Should we go back to Spinoza as the forerunner of Schopenhauer and Nietzsche, Bataille and Land as the principle inventor of the notion of Will? Spinoza’s understanding of all “finite modes” is the conatus doctrine, which states that “each thing, as far as it can by its own power, strives to persevere in its being” (Spinoza 1994: E3P6). This notion of conatus as an indefinite and objectless appetite to continue existing? Is capitalism nothing more than this process, this appetitive-machine that despotically subordinates all desiring-machines to its needs? Is it this combination of appetite and consciousness thereof that Spinoza defines as the first of the three primary affects: desire, and then joy: – the second primary affect, is an increase in this power to act, while sadness, the third primary affect, is its decrease. How to qualify such an assumption? Deleuze would imagine Spinoza “strolling about” in the streets, perpetually being affected by what he encounters (see his works and commentaries on Spinoza). The conatus thus responds to joyous interactions – those that increase the power to act – by investing desire in their causes, thereby making them objects of desire. How does this relate to Money? Is money a desirable object, or is it but the debt-machine that circulates among desirable objects, the invisible relation that invests the social field of desire and connects the desiring-machines to these objects? Is this cycle of desire – joy – sadness the form of capital? A death-machine of infinite-debt based on this circular corruption of desire? The point being that capitalism is this system that keeps death at bay, and defense system that captures desire in such a way that death is projected into the future of infinite-debt; for if death ever truly captured desire in its totality the system along with those that feed it would all collapse into that Zero = Null.
Is it our need to attain these desirable objects that allows capital to entrap our actual desires within its infinite-debt system? As one critic in discussing Frédéric Lordon’s, Willing Slaves of Capital: Spinoza and Marx on Desire, London: Verso, 2014. will explicate:
Showing and transforming his Regulationist School roots, Lordon schematically divides the historical development of capitalist social organization into three phases roughly defined by particular accumulation regimes and attendant “regimes of desire”: first, in Marx’s era, the dominant desire is material-biological reproduction; second, in the Fordist era, this basic desire is expanded to also include access to all the little joys caused by the bells and whistles of an expanding consumer society; and third, contemporary subjectivities–best understood as the managers or entrepreneurs of the self–emerge in a situation where desire is increasingly oriented such that work in general is the cause of joy. This most recent transformation is a symptom of the twin demands of competitive deregulation and the emphasis on emotional and creative labor that fuel theories of the neoliberalization of everything. For Lordon, this amounts to the capitalist conatus attempting to draw all others into line with itself as a “master-desire” that tends toward a cynical, amoral, and purely quantitative asymptote of absolute liquidity and infinite flexibility. (see Antipodes A Radical Journal of Geography 2015)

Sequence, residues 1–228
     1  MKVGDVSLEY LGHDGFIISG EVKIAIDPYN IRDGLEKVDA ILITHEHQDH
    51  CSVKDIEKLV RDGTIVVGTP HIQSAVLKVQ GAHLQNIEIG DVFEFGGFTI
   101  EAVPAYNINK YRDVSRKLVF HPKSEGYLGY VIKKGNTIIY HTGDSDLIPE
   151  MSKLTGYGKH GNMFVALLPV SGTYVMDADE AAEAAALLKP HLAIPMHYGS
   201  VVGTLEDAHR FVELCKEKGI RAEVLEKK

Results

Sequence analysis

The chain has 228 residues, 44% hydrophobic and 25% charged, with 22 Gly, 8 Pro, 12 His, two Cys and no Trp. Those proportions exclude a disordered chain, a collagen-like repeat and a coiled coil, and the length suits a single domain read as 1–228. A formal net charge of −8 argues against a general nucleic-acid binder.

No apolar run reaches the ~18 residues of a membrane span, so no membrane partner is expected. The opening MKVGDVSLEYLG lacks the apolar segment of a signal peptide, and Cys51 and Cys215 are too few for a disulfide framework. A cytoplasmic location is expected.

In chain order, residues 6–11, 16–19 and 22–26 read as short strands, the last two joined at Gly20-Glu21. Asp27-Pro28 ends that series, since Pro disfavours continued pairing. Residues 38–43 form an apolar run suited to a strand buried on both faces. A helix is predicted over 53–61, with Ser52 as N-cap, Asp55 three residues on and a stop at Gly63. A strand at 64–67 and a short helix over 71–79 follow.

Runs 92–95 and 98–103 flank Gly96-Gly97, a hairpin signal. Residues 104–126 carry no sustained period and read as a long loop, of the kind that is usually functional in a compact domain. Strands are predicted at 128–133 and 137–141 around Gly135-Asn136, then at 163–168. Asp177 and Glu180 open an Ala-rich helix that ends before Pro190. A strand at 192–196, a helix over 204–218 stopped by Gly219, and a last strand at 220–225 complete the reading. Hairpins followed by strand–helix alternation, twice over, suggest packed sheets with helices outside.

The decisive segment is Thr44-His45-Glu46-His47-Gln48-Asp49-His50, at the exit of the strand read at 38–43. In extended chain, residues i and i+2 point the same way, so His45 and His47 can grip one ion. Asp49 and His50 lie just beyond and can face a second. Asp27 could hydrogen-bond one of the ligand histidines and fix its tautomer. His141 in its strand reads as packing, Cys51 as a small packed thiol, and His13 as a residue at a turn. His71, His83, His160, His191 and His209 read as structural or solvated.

How would such ideas relate to Deleuze & Guattari? (Must reread Deleuze’s books on Spinoza)
In his book Technocapitalism: A Critical Perspective on Technological Innovation and Corporatism, Luis Suarez-Villa will tell us:
Those who provide creativity potentially hold the key to accountability, as the intangible resource they hold is vital to the survival of technocapitalism. …creative power is defined as the exercise of creativity by individuals or groups working under a systematized research search regime. The empowerment of creativity must, however, rely on the possibility that creative power may be exercised independently of such regimes. The systematized research regime is a corporatist artifact. Its fundamental objective is to structure the commodification of creativity such that power and profit can be extracted from this vital resource. The empowerment of creativity, to exercise this resource independently of those regimes, therefore implicitly involves a subversion of corporatism.2
This new “commodification of creativity” is central to this cosmopolitan world of a new class relations of the cognitariat bound to Smart City initiatives and new global forms of desiring-production. This new emerging economy of desire mutates current corporate power and profit toward the commodification of creativity through research regimes that must generate new inventions and innovations. These regimes and the corporate apparatus in which they are embedded are to technocapitalism what the factory system and its production regimes were to industrial capitalism. The tangible resources of industrial capitalism, in the form of raw materials, production hardware, capital, and physical labor routines are thus replaced by intangibles, research hardware, experimental designs, and talented individuals with creative aptitudes. The generation of technology in this new era of capitalism is therefore a social phenomenon that relies as much on technical functionality as on the co-optation of cultural attributes. (Suarez-Villa, KL 52)